QuickBooks Online is supported on Chrome, Firefox, Internet Explorer 10, Safari 6.1, and also accessible via Chrome on Android and Safari on iOS 7. Internet Explorer. One may also access QuickBooks Online via an iPhone, a BlackBerry, and an Android web app.
In 2011, Intuit introduced a UK-specific version of QuickBooks Online to addresses the specific VAT and European tax system. There are also versions customized for the Canadian, Indian, and Australian markets, as well as a global version that can be customized by the user.
QuickBooks Point of Sale
QuickBooks Point of Sale is software that replaces a retailer's cash register, tracks its inventory, sales, and customer information, and provides reports for managing its business and serving its customers.
Through the Solutions Marketplace, Intuit encouraged third-party software developers to create programs that fill niche areas for specific industries and integrate with QuickBooks. The Intuit Developer Network provides marketing and technical resources, including SDKs for EDI.
Intuit's Lacerte and ProLine tax preparation software for professional accountants who prepare tax returns for a living integrates with QuickBooks in this way. Microsoft Office also integrates with QuickBooks.
Compared to other versions of QuickBooks, fewer third-party add-ons integrate with QuickBooks Online Edition. Although recently, seamless Quickbooks integration is only offered by a handful of vendors.
In addition to add-on products and an online edition, Intuit recently incepted a Commercial Hosting Program, allowing commercial service providers to offer hosted versions of QuickBooks Pro, Premier and Enterprise. Further, the QuickBooks Commercial Hosting Program allows the commercial service providers to offer rental licensing for the Pro and Premier QuickBooks editions. Hosting allows businesses to use all features of the desktop version of QuickBooks, but to run it as an Internet-accessed solution with anytime, anywhere capability and full security and management.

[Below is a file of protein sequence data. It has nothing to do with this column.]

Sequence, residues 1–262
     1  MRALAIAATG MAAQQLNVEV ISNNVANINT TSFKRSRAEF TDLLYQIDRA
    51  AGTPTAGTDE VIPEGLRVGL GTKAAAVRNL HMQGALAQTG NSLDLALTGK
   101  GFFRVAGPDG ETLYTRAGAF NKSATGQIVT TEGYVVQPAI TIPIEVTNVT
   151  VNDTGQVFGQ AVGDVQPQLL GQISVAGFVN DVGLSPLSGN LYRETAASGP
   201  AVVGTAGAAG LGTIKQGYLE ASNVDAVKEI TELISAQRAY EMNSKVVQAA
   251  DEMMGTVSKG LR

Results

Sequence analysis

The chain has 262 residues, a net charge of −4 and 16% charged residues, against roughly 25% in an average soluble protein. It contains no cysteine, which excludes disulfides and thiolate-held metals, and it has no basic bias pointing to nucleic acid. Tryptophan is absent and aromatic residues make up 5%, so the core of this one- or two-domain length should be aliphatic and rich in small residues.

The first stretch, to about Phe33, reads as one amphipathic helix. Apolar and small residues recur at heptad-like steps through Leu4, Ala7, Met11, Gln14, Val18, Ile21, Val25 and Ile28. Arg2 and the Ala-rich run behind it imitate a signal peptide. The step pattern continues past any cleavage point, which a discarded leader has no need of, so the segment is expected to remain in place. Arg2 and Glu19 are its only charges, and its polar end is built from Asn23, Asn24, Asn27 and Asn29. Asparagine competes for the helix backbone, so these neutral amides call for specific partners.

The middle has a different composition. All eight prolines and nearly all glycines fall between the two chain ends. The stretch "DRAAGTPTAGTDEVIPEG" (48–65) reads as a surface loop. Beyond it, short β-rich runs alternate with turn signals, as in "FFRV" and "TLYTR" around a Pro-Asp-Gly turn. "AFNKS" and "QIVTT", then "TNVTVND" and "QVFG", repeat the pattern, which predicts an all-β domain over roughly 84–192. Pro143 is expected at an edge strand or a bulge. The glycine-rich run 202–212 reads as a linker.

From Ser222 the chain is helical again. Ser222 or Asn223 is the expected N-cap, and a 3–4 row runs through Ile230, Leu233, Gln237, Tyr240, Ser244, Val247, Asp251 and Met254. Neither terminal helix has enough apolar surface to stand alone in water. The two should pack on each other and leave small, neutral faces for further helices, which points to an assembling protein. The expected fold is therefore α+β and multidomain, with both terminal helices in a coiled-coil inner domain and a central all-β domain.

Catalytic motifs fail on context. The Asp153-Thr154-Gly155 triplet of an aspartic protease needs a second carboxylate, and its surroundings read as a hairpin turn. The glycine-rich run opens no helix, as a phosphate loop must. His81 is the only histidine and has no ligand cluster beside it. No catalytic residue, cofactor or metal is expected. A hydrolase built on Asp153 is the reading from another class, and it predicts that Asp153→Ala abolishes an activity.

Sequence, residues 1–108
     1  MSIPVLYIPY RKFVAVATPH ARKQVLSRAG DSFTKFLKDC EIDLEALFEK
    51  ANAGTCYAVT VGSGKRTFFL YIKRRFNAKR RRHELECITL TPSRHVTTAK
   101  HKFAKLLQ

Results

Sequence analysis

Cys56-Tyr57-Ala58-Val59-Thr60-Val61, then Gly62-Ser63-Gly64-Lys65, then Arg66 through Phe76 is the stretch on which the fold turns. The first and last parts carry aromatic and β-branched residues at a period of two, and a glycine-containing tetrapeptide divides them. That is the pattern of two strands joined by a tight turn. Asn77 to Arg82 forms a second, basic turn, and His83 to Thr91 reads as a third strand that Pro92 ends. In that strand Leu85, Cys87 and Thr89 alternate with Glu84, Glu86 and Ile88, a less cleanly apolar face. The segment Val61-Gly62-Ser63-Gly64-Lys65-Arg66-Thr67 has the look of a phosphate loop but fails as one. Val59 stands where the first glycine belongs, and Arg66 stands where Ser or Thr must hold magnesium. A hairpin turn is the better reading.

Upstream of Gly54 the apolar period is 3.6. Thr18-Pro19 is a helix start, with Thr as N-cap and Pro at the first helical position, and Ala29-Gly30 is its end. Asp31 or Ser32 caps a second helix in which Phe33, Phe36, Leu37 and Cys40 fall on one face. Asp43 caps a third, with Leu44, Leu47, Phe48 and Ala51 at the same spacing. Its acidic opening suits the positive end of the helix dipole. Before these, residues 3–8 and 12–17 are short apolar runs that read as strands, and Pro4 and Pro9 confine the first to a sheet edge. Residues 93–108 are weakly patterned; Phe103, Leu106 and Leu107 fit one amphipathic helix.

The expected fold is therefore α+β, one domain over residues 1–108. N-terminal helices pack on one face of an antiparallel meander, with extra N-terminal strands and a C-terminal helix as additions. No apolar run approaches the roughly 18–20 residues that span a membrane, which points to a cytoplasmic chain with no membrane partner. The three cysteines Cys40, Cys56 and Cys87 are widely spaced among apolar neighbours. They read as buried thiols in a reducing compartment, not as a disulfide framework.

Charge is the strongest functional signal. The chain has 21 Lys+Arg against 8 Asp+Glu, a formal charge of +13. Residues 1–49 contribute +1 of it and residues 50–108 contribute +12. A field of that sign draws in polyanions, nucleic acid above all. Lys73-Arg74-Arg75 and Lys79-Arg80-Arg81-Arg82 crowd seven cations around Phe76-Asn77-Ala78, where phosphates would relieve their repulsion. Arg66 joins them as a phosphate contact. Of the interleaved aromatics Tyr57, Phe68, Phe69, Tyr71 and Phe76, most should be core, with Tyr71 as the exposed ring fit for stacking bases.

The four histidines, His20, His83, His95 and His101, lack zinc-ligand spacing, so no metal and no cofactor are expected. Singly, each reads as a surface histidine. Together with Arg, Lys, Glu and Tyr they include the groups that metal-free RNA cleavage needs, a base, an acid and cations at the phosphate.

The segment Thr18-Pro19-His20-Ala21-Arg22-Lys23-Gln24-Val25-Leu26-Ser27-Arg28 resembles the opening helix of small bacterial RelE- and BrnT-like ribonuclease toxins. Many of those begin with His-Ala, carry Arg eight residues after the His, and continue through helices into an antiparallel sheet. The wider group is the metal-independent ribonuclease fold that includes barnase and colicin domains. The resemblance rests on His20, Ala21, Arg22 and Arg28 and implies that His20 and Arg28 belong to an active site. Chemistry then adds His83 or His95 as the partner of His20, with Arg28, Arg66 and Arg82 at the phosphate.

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The 1999 version of QuickBooks forced users to pay an additional fee for payroll table updates. The 2000 version of QuickBooks tried to force users to pay an additional fee for payroll tax updates for each company file. After a boycott, this fee was changed to one charge per copy of QuickBooks.
In April 2006, Intuit disabled functionality of add-on services for QuickBooks 2003 in the areas of Bill Pay, Credit Card Download, Do-It-Yourself Payroll, Employee Organizer, Merchant Service, Online Banking, Online Billing, and Support Plans and Services. Since then, Intuit has disabled equivalent functions for all QuickBooks versions approximately 30 months after it has stopped selling them.
On 15 December 2007, the company released a version of its automatic updater for Mac OS X with a serious program error. The company fixed the updater on 17 December, but by then it had caused substantial data loss for a number of users.
With Quickbooks 2007, the company introduced the Quickbooks Database Server Manager program, which must reside on the computer hosting the data files and which many users have experienced problems with.[clarification needed]
In 2009, Intuit prohibited QuickBooks hosting companies from hosting older QuickBooks versions.
QuickBooks Online suffered an extended outage on February 2, 2009, and again due to power failures on June 16–17, 2010. Many customers complained on the company's forum, and threatened to leave the service for a competitor such as Sage. Brad Smith, Intuit's CEO, apologized for the series of outages, totaling around 60 hours, which affected most Intuit online products and tech support. A later July 14 outage resulted in a second Intuit CEO apology, which referred to Intuit's "new online products", "designed for 24/7 availability", and to "aggressively migrating" to two new data centers. This suggests that millions of users previously had not been using such programs or data centers, though replicated data centers were industry standard practice by 2004.
A QuickBooks 2009 online banking module had major problems, which resulted in hundreds of comments in several threads on the Intuit Community discussion forum. The QuickBooks product manager used these as an official thread to discuss problems, which were resolved in March 2009.